As they pursue Ota, the mother explains that Ota is looking for something and can see things. Ota is indeed back to digging, but this time he finds an orange, lava-like liquid coming from the ground. As Yuki and his mother arrive to stop him, Yuki sees the liquid and remembers something similar in a moving wall scroll he saw when he was young. Aside from beautiful flower patterns and moving fish, there had also been a bust of a woman with butterfly wings behind her head. This makes Yuki wonder if he’s being chased again. His friend Kumoshichi explains that the child sees the same thing as Yuki does. It’s the thing that Yuki ran away from – the spirit world. Behind them, a giant youi suddenly appears and gets attacked by the young girl from before named Saizou. She is with Abi, who sends several projectiles into the monster’s neck, but it responds by throwing Abi back with a blast of wind. When Yuki runs up to them, Saizou tells him to go protect the boy and his mother because that’s who the monster is after. Yuki gets in front of the boy, but proceeds to get thrown back into a nearby pond. As the monster approaches Ota, the pond starts to glow and Yuki rises out of it. Words form at his hand as a visualization of his power, allowing him to easily deflect back the charging youi. Saizou recognizes that Yuki is using Ayagami, and Abi figures out that Yuki is the one they’ve been searching for. Meanwhile, watching the events from a nearby boat are three sinister looking characters who discuss how Yuki is getting power from the words. Holding back the youi, Yuki tries to get Ota to run away, but the boy doesn’t respond. Instead, Ota heads for the orange, so Yuki has to stop him. It is at this point that another gigantic youi suddenly appears before them.
ED: 「Winding Road」 by ポルノグラフィティ (Porno Graffiti)
Watch the ED! Mirror 1 Mirror 2 (10.1MB, XviD)
Fairly high profile groups doing the OP and ED here, with ikimono-gakari and Porno Graffiti. The OP is a bit more catchy, but I like listening to the ED more. You can see/hear the full version of the ED on Youtube.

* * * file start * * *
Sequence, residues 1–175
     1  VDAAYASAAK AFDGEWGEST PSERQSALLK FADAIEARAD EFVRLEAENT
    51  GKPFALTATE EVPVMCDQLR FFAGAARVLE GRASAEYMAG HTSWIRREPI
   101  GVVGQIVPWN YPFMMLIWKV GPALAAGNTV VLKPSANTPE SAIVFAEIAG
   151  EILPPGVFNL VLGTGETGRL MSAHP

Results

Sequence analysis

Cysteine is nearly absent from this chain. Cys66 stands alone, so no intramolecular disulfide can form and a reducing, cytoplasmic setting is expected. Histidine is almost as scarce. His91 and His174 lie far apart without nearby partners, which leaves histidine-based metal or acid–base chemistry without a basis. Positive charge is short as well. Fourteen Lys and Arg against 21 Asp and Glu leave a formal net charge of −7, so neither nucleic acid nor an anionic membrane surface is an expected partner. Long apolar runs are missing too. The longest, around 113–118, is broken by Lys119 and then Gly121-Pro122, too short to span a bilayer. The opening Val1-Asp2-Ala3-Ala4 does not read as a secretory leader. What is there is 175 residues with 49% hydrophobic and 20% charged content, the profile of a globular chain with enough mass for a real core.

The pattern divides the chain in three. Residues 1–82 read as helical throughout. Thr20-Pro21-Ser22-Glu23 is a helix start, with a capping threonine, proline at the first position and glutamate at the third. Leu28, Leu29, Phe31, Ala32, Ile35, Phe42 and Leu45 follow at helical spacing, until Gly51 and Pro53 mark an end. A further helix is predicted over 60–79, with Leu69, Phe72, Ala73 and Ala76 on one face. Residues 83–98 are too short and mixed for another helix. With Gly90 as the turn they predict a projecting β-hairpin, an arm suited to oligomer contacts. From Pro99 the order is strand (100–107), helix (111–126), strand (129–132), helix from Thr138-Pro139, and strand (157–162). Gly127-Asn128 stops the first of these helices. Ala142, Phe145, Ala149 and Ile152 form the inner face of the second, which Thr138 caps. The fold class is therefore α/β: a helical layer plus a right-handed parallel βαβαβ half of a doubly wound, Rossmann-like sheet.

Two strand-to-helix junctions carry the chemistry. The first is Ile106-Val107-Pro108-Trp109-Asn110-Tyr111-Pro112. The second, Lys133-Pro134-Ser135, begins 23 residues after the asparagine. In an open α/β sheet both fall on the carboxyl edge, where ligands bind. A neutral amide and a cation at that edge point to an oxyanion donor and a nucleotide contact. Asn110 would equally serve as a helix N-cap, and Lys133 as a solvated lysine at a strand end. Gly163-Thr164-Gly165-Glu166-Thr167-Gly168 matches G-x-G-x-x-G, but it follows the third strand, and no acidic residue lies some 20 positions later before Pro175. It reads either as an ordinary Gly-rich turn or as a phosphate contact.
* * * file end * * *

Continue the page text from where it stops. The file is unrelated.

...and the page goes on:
As an introduction episode, this isn’t bad but it’s not great either. It didn’t really get that interesting until the appearance of the youi monsters near the end. But we do get to know most of the main characters, including the five who are to be the Ayashi in the Bansha Aratamesho group. Yuki in particular appears to have both swords training and his Ayagami powers to rely on, but the other members surely have their own special abilities too.
I’d probably characterize the plot here as being split into two parts. On one hand, there are the youi coming from the spirit world chasing after the boy and perhaps Yuki. There’s probably a ton of back-story to be had there. On the other hand, they spent a lot of time talking about the fumin and how they’re discriminated against, so there appears to be a bit of a social message about poverty in this too.
The one thing I’m glad about is that the animation is a lot better than the preview special last week made it look like. I guess I probably shouldn’t be surprised because this is BONES doing production after all. My favorite scene was when young Yuki was looking into that scroll of the fish and the flowers. That images and the music used there were just superb. Anyway, I’m planning on sticking with this series because I expect great things from this timeslot and from BONES. That is, unless I really hate the first set of episodes, but I doubt that’ll happen.